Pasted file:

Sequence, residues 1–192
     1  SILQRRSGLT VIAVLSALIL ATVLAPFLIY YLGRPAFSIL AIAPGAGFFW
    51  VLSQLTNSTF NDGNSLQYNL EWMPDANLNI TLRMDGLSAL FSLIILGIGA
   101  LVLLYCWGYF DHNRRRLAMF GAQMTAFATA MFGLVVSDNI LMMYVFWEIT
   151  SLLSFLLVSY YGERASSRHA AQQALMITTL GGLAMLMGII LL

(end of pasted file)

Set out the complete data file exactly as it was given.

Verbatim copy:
Sequence, residues 1–192
     1  SILQRRSGLT VIAVLSALIL ATVLAPFLIY YLGRPAFSIL AIAPGAGFFW
    51  VLSQLTNSTF NDGNSLQYNL EWMPDANLNI TLRMDGLSAL FSLIILGIGA
   101  LVLLYCWGYF DHNRRRLAMF GAQMTAFATA MFGLVVSDNI LMMYVFWEIT
   151  SLLSFLLVSY YGERASSRHA AQQALMITTL GGLAMLMGII LL